HUANG Zhongyi is a professor nearly ninety years old. During the war times in the last century, she was engaged in the underground activities through trials of death. Feeling both excited and a little nervous to interview such an aged person with rich experiences, I knock at Prof. HUANG’s door.
The door opened and standing in front of me is just Prof. HUANG Zhongyi, a petit old lady with sparkling eyes and well-combed hair in a neat blouse. Though it is our first meet, she treats me as an old friend, smiling and welcoming me into her house. The furniture in her house are old fashioned but well-arranged.
Growing up in turbulence and war, I received education of patriotism when I was a child. Referring to the enlightenment education during his childhood, Prof. HUANG has much to say. Though her mother was only a housewife with little schooling, but she is literate and patriotic, so she developed a habit of reading newspapers every day and concerned about the current affairs. All this exerts subtle cognitive influences on the young HUANG Zhongyi.
In February 1940, Huang Zhongyi was admitted to China Journalistic Institute in Hong Kong. Later, Huang Zhongyi was enrolled in the Lingnan College, in which she took part in the Book Club founded by the progressive teachers and students. The Club took the risk to protect and transfer progressive books and newspapers under the Japanese attack. In December 1941 when Hong Kong fell into the grip of Japanese, Huang Zhongyi and her family moved to Shaoguan in Guangdong. Based on their common love and pursuit in the anti-Japanese war, some patriotic students gathered together to read progressive books and newspapers, and later they established the Book Club, of which Huang Zhongyi is one of the members. Such banned books as History of the Chinese Revolution, History of The Communist Party of Soviet Union, etc. were cherished by HUANG Zhongyi and her friends.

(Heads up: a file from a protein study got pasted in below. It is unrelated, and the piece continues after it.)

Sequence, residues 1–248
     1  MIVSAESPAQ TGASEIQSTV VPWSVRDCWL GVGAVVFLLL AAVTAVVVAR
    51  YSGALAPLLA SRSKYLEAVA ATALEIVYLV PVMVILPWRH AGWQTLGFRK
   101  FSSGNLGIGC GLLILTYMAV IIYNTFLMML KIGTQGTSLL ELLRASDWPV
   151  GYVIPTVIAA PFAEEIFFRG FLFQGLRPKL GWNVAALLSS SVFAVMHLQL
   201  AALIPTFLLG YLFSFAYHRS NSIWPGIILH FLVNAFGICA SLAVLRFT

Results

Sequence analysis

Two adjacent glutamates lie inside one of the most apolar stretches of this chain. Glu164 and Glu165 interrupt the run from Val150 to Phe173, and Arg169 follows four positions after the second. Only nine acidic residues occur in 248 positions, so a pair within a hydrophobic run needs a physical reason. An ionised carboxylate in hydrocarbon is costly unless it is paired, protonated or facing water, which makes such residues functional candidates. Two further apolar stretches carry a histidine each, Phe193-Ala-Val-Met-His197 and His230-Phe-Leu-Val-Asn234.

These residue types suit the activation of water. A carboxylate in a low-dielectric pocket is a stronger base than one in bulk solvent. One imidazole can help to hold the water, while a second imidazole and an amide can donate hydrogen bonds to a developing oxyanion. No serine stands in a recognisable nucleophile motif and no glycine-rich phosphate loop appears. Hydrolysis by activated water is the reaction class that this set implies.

In April 1945, Huang Zhongyi encountered her classmate Li Jianxi. "The next day, he invited me to his house. The moment I sat down, he asked me if I would like to go to the guerilla area. Without second thought, I answered firmly 'Yes!'" She recalls this with a twinkle in her eyes. "Why would I go there? The answer is without anti-Japanese war, we can’t see the bright future of China."
In the guerilla area, though in harsh conditions, HUANG Zhongyi was, in her own words, "wild with joy", because she was free from the surveillance of Kuomingtang and the control of Janpanese. Later in September 1946, HUANG Zhongyi returned to Lingnan College, where she joined the Communist Party of China in the next May, thus becoming the first member of the Communist Party in Lingnan College.
After the founding of People’s Republic of China, Huang Zhongyi was assigned to work in the Guangzhou Department of China Academy of Sciences. "At that time, Guangzhou Department was not completely put into operation. Staying idle made me feel at no ease, so I applied to change my job." Eventually, Huang Zhongyi was appointed as a lecturer of English in South China Institute in September, 1961.
At that time, it was difficult to teach English because the English background of the students was poor. In order to help them lay a good foundation in English, Prof. HUANG spared her leisure time to coach the students. On the one hand, she imparted knowledge to them without reservation. On the other hand, she had an open mind to accept the opinions and suggestions given by the students to improve her teaching method. Later, she was highly appraised by Prof. FENG Binshuang, director of Office of Teaching Affairs for her effective teaching.
Prof. HUANG’s modesty and easy-going won the trust from her students. Many students still kept in touch with her after graduation. Referring to her deep emotional connection with her students, she picks up a delicate cup with the inscription "To Prof. HUANG Zhongyi for her tireless teaching, on National Day, 1974". The cup has been treasured by Prof. HUANG till now.
In 1982, Huang Zhongyi retired from the Southern China Institute of Technology. After that, she took up a work position in the Working Committee for the Care of the Next Generation. She often tells her war times experiences to pupils, middle school as well as college students and passes patriotism to them. "I always tell them to cherish the happy life at present. Without the devotions of the forefathers and the Communist Party, we cannot live such a harmonious life, "said Prof. HUANG with emotion.
On Huang Zhongyi's desk lying two albums, which she treasured a lot. Inside them, many black-and-white photographs are neatly placed. One of the photos is a resolute girl in elegant cheongsam smiling at us. Youth and passion can easily be seen on her face in spite of time and space, which encourages us young fellows to take on social responsibility and step forward bravely when in need to achieve the rejuvenation of the Chinese nation and Chinese Dream.